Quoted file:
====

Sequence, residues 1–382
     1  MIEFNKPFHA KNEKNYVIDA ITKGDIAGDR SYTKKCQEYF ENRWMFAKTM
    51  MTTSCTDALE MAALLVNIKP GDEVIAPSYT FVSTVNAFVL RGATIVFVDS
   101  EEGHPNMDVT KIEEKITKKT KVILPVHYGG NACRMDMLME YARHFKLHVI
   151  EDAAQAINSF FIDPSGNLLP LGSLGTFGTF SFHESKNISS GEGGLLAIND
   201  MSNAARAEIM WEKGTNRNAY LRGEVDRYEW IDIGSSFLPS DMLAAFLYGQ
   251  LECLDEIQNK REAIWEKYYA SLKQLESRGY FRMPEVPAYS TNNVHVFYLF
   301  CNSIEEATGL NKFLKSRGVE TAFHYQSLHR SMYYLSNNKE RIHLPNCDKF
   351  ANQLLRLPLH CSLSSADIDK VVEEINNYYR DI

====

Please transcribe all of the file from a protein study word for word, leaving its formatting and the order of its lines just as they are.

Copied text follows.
Sequence, residues 1–382
     1  MIEFNKPFHA KNEKNYVIDA ITKGDIAGDR SYTKKCQEYF ENRWMFAKTM
    51  MTTSCTDALE MAALLVNIKP GDEVIAPSYT FVSTVNAFVL RGATIVFVDS
   101  EEGHPNMDVT KIEEKITKKT KVILPVHYGG NACRMDMLME YARHFKLHVI
   151  EDAAQAINSF FIDPSGNLLP LGSLGTFGTF SFHESKNISS GEGGLLAIND
   201  MSNAARAEIM WEKGTNRNAY LRGEVDRYEW IDIGSSFLPS DMLAAFLYGQ
   251  LECLDEIQNK REAIWEKYYA SLKQLESRGY FRMPEVPAYS TNNVHVFYLF
   301  CNSIEEATGL NKFLKSRGVE TAFHYQSLHR SMYYLSNNKE RIHLPNCDKF
   351  ANQLLRLPLH CSLSSADIDK VVEEINNYYR DI